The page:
Bill Janklow, the former Republican governor and Representative at-large for South Dakota, died today of brain cancer. He was 72.
Janklow’s son, Russ, confirmed his death to the Associated Press.
Janklow served as the state’s governor from 1979 to 1987 and again from 1994 to 2002. During his final year as governor, he was elected to the state’s at-large House seat.
He only held the seat for a year, resigning in 2004 after he was convicted of manslaughter for killing a motorcyclist in a traffic accident.
Despite the accident, Members of Congress recognized Janklow’s contributions to South Dakota.
“Gov. Janklow served South Dakota with everything he had,” Rep. Kristi Noem (R-S.D.), who holds Janklow’s former seat, said in a statement. “He was a passionate advocate for our state and will be missed.”
Sen. Tim Johnson (D-S.D.) said he knew Janklow for more than 30 years and called him “one of the most colorful governors in South Dakota’s history.”
“He was not afraid of controversy,” Johnson said in a statement. “I sometimes agreed with him, and sometimes disagreed — but I always respected him for his passionate sense of service.”
Janklow was born in Chicago on Sept. 13, 1939. His family moved to Flandreau, S.D., after his father’s death.
He served as a U.S. Marine from 1955 to 1959. Despite not graduating from high school, he attended the University of South Dakota, where he received a bachelor’s and a law degree.
His political career got started when he served as the state’s attorney general from 1974 to 1978 before he ran for governor.
Because a state law prohibited Janklow from running for a third consecutive term as governor, he opted instead to run for Senate in 1986, but lost the Republican primary to incumbent Sen. Jim Abdnor. He left politics soon after, joining an investment firm and later a private law practice.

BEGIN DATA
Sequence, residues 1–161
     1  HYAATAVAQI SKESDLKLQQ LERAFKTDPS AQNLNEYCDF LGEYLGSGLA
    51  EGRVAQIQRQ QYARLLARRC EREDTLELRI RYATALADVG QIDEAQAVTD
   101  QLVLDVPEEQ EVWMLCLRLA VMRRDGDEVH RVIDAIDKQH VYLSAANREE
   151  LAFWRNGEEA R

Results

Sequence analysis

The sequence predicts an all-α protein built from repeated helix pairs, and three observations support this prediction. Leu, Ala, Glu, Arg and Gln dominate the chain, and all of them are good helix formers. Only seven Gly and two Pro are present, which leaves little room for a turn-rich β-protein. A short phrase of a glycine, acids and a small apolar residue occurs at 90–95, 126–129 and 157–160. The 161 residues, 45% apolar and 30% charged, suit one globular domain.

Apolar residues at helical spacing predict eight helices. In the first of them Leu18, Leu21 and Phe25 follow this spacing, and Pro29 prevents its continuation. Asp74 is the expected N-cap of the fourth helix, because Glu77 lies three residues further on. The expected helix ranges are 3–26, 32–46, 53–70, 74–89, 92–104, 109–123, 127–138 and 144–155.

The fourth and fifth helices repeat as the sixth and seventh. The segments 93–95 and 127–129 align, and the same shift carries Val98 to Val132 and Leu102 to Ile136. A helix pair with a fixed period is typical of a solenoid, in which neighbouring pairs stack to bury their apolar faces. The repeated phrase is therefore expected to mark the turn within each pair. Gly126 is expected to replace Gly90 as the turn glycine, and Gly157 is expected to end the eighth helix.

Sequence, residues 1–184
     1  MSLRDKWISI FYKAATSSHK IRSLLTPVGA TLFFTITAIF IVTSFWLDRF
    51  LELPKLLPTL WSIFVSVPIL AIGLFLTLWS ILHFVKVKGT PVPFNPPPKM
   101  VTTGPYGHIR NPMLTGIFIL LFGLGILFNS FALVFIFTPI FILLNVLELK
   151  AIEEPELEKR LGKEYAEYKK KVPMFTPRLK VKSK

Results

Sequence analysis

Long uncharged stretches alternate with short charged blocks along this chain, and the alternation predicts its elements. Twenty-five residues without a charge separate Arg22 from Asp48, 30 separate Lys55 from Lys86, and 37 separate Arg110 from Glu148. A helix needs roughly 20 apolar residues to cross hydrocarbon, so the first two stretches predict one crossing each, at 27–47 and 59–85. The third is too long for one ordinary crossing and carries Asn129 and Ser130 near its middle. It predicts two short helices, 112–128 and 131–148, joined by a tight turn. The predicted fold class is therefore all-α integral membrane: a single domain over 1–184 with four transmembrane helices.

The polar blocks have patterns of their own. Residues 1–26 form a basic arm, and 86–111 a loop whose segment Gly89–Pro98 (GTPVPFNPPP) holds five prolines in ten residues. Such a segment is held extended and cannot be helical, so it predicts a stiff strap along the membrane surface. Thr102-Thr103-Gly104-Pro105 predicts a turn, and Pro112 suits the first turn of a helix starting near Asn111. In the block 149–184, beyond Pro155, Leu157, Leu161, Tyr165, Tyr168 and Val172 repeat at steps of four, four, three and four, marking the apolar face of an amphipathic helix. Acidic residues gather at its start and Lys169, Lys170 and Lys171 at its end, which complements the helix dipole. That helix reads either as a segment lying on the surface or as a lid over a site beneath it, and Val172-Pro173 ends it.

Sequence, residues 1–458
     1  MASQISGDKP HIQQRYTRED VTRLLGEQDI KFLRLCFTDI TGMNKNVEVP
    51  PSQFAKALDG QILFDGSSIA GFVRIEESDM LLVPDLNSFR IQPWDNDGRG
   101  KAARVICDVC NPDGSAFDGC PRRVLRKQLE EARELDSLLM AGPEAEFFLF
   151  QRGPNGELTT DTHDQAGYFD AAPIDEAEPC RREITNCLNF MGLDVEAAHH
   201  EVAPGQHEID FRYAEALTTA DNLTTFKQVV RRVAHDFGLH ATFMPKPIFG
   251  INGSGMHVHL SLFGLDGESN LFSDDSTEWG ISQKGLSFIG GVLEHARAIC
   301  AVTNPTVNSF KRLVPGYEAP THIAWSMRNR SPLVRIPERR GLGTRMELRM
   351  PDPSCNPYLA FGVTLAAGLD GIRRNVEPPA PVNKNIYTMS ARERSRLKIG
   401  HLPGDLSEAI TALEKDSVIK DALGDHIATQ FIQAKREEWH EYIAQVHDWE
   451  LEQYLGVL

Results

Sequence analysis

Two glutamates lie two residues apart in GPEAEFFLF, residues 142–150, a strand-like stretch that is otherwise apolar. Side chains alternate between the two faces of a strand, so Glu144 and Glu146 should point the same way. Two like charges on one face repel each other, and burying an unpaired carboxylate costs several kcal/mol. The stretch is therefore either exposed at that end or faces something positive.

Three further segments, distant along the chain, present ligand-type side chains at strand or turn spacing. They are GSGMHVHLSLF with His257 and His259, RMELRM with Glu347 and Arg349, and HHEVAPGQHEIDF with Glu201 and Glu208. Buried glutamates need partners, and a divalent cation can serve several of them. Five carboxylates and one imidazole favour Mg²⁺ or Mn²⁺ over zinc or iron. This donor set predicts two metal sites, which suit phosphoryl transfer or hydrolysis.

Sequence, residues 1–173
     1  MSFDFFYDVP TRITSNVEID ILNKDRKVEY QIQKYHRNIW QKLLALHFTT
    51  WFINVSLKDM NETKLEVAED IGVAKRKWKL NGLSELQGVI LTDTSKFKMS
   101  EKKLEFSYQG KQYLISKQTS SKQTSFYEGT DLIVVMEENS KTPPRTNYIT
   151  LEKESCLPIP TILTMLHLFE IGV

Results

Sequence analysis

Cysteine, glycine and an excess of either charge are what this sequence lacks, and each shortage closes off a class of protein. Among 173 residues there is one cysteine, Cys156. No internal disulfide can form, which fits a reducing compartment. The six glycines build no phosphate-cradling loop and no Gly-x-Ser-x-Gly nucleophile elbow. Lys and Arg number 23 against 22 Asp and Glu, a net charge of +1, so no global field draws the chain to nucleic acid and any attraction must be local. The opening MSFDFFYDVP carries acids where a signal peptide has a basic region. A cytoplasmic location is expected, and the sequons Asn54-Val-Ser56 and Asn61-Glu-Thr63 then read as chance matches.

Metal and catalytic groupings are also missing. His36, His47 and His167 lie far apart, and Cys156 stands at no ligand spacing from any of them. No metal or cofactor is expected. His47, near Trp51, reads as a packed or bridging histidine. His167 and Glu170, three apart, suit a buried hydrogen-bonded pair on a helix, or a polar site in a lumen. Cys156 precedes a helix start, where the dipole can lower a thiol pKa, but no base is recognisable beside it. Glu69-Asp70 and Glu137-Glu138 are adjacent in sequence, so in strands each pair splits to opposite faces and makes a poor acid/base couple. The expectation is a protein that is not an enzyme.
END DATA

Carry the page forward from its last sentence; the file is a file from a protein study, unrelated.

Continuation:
But he was drawn back in a few years later, and was elected governor again in 1994.
The issues he took on during his time as a lawyer and in his political career were widespread, from defending Native Americans in cases to creating a working model for distance education in South Dakota.
“He was a pioneer in the distance learning issue,” Sen. John Thune (R-S.D.) told the Argus Leader in November. “The federal government followed South Dakota’s model on distance learning. There were so many issues like that where he was ahead of his time and willing to push the envelope with new ideas to work for the state.”
Janklow ran for Congress in 2002, winning the House seat that had previously been held by Thune, Johnson and Tom Daschle (D).
But his time in the Capitol was short-lived.
On Aug. 16, 2003, Janklow ran a stop sign in Moody County, an area north of Sioux Falls. He hit and killed motorcyclist Randy Scott of Hardwick, Minn.
Janklow remained in office through his indictment and trial. After he was convicted of vehicular manslaughter and sentenced to 100 days in jail, he resigned in January 2004.
Janklow expressed remorse about the accident, according to a UPI report.
“I did what I felt was right,” he said, breaking into tears at the news conference he held to announce his cancer in November. “If I had it to do over again, I’d do everything I did, except I’d stop at a stop sign.”
Janklow is survived by his wife, Mary Dean, and their three children.
Hillary Rodham Clinton, center, along with former Secretary of State Madeleine Albright, right, and Annette Tilleman-Dick, left, wife for former Rep. Tom Lanots, D-Calif. Clinton was honored with the Tom Lantos Human Rights Prize during a ceremony last week at the Cannon House Office Building. Previous winners include the Dalai Lama and Elie Wiesel.
Each year since 1990, CQ Roll Call has reviewed the financial disclosures of all 541 senators, representatives and delegates to determine the 50 richest members of Congress. This year's report, derived from forms covering the calendar year 2012, shows it took a net worth of $6.67 million to crack the exclusive club.